SOM~ December 2016- Healing (Ourselves and Our Nation)

The human heart is the first home of democracy. It is where we embrace our questions. Can we be equitable? Can we be generous? Can we listen with our whole beings, not just our minds, and offer our attention rather than our opinions? And do we have enough resolve in our hearts to act courageously, relentlessly, without giving up—ever—trusting our fellow citizens to join with us in our determined pursuit of a living democracy? The heart is where we integrate what we know in our minds with what we know in our bones, the place where our knowledge can become more fully human.—Terry Tempest Williams

As a nation we have spoken about healing in the last weeks- healing from the divisiveness, the sense of loss and disillusionment, the acerbic atmosphere in general. The kinder and gentler ideal of democracy based on human decency and caring seems to have given away to aggression, rhetoric and isolationism. We’ve seen increased incidences of hate crimes both locally and nationally, and a general worldwide disregard for the welfare of millions of people that have been displaced by war, terrorism, and lack of the barest necessities of life. As a community that is rooted in wisdom teachings of compassion and kindness, this can be especially shocking and cause deep dismay. In order not to get stuck in the overwhelm or hopelessness, it is necessary to heal enough to hear the call to wake up to what each of us can do to have our voices be heard and our actions be counted. The process of healing requires one thing to begin and as yoga practitioners we are familiar with it- the willingness to see things clearly as they are and accepting what is. This is the only approach that allows for movement toward wholeness.

When we remain in denial or avoidance of current events and their underlying causes as they come to the surface, we delay healing and remain stalled. In a medical diagnosis, once we hear and accept what is there, only then do we become knowledgeable, and much more skillful in making our decisions. Healing does not guarantee a cure, or allow the illusion that it will be easy if it is a deep wound. It doesn’t mean we get it the way we want it. It means we begin to want to work with things the way they are simply because that is the only way that makes any useful progress toward a change that can be significant and make a difference. In the current state of our society, once the collapse of our illusions brings the shadowy places to light, we begin to see that this place was not created by any one happening or person, yet a series of patterns and events that were allowed to accumulate for a very long time. A humility sets in as we realize our own blind spots and vulnerability, how we have contributed to the current state of affairs.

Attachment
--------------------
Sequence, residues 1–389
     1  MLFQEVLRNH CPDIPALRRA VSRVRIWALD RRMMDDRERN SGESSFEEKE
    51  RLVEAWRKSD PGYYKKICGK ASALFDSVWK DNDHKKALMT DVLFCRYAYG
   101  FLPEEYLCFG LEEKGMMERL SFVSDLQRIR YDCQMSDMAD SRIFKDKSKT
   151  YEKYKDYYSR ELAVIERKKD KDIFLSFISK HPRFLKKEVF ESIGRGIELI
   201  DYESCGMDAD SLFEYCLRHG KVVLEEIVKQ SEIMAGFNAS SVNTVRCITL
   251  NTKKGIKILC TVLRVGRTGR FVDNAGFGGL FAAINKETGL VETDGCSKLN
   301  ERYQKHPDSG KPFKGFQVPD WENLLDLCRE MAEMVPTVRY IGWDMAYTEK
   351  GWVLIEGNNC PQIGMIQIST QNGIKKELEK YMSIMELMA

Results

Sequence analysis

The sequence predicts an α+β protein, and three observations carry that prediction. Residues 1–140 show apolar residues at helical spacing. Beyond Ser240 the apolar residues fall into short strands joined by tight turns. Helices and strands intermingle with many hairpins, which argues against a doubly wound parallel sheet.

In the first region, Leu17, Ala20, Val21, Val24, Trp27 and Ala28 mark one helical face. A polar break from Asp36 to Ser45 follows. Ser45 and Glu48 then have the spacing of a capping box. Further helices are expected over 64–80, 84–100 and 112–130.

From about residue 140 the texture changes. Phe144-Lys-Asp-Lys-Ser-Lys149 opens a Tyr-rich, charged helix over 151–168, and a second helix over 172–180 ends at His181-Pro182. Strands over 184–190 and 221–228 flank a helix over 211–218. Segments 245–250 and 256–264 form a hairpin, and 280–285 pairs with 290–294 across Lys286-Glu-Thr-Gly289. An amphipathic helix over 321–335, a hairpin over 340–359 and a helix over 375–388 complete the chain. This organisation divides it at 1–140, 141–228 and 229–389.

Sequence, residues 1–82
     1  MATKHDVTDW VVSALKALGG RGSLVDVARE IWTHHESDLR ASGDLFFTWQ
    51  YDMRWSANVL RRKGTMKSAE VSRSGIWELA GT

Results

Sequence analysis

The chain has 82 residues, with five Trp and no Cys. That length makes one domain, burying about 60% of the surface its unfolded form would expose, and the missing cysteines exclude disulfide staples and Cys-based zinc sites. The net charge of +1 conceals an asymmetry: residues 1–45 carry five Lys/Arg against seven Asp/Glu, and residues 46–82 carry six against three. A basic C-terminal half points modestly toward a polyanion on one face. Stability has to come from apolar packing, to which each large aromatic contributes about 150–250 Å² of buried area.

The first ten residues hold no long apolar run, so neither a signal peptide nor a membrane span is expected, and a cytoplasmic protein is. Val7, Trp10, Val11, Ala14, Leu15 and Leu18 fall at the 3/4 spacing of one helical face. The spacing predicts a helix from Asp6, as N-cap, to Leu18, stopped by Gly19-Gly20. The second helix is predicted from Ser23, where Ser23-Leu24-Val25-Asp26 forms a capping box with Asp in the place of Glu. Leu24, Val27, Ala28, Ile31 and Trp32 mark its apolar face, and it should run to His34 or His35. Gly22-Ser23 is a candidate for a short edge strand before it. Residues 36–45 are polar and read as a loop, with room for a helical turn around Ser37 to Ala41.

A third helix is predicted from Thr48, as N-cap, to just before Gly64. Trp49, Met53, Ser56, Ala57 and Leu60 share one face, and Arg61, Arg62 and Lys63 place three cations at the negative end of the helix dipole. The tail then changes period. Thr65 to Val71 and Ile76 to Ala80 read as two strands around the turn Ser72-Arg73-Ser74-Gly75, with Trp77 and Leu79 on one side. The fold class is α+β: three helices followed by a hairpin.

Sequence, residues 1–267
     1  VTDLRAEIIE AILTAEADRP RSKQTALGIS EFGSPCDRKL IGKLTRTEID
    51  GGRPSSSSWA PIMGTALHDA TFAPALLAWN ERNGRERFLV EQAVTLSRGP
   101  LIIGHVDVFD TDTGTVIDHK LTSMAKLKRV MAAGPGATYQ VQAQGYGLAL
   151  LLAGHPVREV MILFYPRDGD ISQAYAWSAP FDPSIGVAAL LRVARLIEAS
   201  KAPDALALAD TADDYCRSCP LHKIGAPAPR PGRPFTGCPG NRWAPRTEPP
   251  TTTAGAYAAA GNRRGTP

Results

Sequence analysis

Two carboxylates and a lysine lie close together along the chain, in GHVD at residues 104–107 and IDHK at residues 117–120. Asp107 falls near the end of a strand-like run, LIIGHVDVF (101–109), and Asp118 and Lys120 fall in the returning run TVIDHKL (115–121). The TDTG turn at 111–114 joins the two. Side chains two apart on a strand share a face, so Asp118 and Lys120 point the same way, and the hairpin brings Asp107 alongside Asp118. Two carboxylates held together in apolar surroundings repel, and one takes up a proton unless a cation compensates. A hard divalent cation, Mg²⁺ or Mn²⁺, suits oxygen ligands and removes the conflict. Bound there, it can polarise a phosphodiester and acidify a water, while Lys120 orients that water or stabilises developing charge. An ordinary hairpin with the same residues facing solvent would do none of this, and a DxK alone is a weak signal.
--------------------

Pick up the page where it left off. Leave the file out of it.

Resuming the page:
Accepting “what is” does not mean giving up or succumbing to this as the way it always has to be. As a matter of fact, when we wake up in that moment of seeing it, we have a singular chance to use that jolt to remain engaged enough to have the energy to sustain the fight toward goodness. We can use this energy more efficiently in choosing our battles, and our methods once we have seen what is wrong. Only when we see the darkness, do we have a chance of dispelling it. But it’s not easy. We need to listen more, ask the right questions, and remain vigilant and committed so don’t allow ourselves to get lulled to sleep again.

Author Parker Palmer gives 5 steps to a sustainable heart-centered process toward establishing a just, kind democracy in his book Healing the Heart of Democracy (2011, JosseyBass). “Five Habits to Heal the Heart of Democracy” written for the Global Oneness Project distills this to its essence (https://www.globalonenessproject.org/library/articles/five-habits-heal-heart-democracy). The steps he lists, and which are expounded upon in his writings, are: an understanding that we are all in this together, an appreciation of the value of “otherness,” an ability to hold tension in life-giving ways, a sense of personal voice and agency, and a capacity to create community. Perhaps we can begin our own healing by inquiring what these steps mean to each of us, and in each of us?

We will set aside time in each class to explore practices including healing mantra,mudra, gentle pranayama, nyasa, Yoga Nidra, guided relaxation, loving kindness meditations to facilitate healing and connection.

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